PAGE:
Dundee University has joined a worldwide network trying to repurpose existing drugs to help in the fight against coronavirus.
As scientist across the world race to find a vaccine for Covid-19, the international research movement is seeking to find the best ways that already existing drugs can be used to help fight the virus.
The network was established by Scripps Research and uses ReFRAME, a collection of drugs known to be safe for human use.
It is hoped ReFRAME can help find antiviral compounds that are effective against Covid-19.
Dundee University is joining experts from the US, Europe and Asia to screen the vast combination of drugs that may be effective.
Professor David Gray, head of biology and professor of Translational Biology at Dundee University’s Drug Discovery Unit, is part of the collaboration.
He said: “This is an excellent example of the international research community coming together quickly to try and find drugs that could be rapidly developed for use against Covid-19.
“It is the combination of expertise from around the world that will give us our best chance of finding drugs that can be used to successfully treat or control Covid-19.”
Dundee’s involvement in the project also includes Professor Andrew Hopkins and the pharmaceutical company Exscientia, a spin-out from the university.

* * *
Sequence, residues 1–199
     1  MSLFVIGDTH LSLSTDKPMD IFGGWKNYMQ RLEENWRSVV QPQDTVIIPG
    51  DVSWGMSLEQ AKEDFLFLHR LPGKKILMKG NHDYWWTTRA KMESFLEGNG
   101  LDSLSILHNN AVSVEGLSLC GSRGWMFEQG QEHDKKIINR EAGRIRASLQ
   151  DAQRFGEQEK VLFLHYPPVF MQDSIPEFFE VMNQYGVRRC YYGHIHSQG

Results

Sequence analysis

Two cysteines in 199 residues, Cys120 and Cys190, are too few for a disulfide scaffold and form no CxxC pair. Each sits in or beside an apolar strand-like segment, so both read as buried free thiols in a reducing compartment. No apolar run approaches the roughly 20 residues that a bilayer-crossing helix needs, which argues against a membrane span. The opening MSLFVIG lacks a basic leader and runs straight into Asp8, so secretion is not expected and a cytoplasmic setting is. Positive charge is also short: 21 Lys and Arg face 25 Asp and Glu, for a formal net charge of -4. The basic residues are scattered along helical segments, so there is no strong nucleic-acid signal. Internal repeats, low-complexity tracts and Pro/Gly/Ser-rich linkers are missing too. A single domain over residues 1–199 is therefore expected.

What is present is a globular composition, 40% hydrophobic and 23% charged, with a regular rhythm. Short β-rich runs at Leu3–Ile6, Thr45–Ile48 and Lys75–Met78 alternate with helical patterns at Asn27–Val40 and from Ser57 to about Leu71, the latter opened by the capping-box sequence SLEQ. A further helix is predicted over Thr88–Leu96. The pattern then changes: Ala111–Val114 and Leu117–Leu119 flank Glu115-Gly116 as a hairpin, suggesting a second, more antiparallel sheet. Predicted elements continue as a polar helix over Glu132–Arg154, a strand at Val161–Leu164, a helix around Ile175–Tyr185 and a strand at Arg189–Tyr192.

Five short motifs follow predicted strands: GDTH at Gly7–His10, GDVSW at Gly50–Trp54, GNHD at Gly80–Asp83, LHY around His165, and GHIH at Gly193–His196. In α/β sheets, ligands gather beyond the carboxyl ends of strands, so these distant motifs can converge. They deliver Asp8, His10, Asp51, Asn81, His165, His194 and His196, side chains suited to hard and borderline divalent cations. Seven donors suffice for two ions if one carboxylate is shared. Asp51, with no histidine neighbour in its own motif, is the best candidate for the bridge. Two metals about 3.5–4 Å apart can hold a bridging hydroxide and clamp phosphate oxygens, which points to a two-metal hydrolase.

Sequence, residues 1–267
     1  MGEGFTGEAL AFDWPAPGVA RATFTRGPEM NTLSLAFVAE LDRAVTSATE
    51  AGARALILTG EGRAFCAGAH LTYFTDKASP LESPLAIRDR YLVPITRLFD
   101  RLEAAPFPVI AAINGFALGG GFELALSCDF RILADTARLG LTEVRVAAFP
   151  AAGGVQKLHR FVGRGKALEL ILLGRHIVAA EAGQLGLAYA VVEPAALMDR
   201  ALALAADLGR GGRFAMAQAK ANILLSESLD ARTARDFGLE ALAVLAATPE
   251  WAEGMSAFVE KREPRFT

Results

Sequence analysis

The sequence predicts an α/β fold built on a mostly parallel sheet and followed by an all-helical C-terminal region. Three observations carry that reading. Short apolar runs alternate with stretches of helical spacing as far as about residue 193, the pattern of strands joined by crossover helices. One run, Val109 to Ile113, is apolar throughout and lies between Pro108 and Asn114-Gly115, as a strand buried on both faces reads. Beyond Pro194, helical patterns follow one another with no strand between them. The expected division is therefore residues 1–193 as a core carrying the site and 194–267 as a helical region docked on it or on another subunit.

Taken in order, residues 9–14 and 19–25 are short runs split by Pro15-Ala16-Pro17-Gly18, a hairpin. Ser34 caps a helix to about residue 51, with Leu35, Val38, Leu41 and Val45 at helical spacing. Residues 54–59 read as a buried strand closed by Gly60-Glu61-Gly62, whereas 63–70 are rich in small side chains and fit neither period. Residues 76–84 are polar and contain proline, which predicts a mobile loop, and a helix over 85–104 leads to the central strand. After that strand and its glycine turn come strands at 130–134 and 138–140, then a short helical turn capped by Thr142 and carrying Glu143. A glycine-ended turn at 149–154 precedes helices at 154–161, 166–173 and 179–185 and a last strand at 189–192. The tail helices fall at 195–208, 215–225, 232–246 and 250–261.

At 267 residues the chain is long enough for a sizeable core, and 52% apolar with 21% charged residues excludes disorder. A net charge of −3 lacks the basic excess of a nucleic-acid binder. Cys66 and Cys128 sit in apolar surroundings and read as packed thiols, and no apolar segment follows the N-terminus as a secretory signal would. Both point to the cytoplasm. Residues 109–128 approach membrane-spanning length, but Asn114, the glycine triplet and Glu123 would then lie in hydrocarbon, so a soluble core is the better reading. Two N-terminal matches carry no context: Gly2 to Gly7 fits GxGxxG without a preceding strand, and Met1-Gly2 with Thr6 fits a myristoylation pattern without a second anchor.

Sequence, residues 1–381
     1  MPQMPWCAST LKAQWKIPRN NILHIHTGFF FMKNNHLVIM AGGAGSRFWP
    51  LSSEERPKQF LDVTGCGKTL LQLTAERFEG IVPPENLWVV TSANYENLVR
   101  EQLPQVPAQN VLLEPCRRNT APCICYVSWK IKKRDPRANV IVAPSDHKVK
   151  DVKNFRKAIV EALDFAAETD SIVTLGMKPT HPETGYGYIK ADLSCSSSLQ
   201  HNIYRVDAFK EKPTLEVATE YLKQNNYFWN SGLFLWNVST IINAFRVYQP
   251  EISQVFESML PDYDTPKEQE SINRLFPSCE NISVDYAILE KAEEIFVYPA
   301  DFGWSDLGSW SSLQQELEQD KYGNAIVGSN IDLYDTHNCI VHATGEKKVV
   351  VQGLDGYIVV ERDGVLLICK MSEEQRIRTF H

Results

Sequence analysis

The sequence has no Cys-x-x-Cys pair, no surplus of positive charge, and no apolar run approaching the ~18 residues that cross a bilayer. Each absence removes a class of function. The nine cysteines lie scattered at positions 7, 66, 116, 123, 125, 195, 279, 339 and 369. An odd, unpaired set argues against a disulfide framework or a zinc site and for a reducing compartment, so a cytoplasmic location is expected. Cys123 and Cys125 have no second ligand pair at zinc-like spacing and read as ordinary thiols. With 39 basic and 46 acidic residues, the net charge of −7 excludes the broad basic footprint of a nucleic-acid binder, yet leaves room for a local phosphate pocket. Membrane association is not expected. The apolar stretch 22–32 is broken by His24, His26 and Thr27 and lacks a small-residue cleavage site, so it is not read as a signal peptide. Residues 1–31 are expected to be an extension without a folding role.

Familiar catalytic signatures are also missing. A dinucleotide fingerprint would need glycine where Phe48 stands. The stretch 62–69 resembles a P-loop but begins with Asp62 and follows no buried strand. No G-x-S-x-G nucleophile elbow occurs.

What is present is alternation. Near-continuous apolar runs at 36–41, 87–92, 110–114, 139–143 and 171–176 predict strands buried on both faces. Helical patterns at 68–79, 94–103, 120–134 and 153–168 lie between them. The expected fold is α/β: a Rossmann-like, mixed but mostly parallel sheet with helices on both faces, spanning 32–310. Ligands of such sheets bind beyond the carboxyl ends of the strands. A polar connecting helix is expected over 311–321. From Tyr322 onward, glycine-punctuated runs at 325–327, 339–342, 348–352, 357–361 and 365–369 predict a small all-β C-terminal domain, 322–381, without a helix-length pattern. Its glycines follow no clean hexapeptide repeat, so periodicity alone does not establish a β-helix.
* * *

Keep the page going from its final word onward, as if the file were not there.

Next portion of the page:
Calibr, the drug development division of Scripps Research, established the ReFRAME collection in 2018 with support from the Bill and Melinda Gates Foundation to tackle areas of unmet medical needs, particularly tropical diseases.
It allows treatment to be rapidly screened as the drugs have already been tested for human use.
Peter Schultz, president and CEO of Scripps Research, said: “Repurposing drugs that have already been approved for use in humans, or compounds for which we have ample safety data, offers the most rapid path to finding an antiviral drug or drug combination that is effective against Covid-19.”
The experiments test hundreds or thousands of compounds at a time to test drugs that prevent the virus from entering, infecting or replicating in human cells.
Researchers are also screening for compounds that could be taken in combination with other drugs to improve the efficacy of antivirals.
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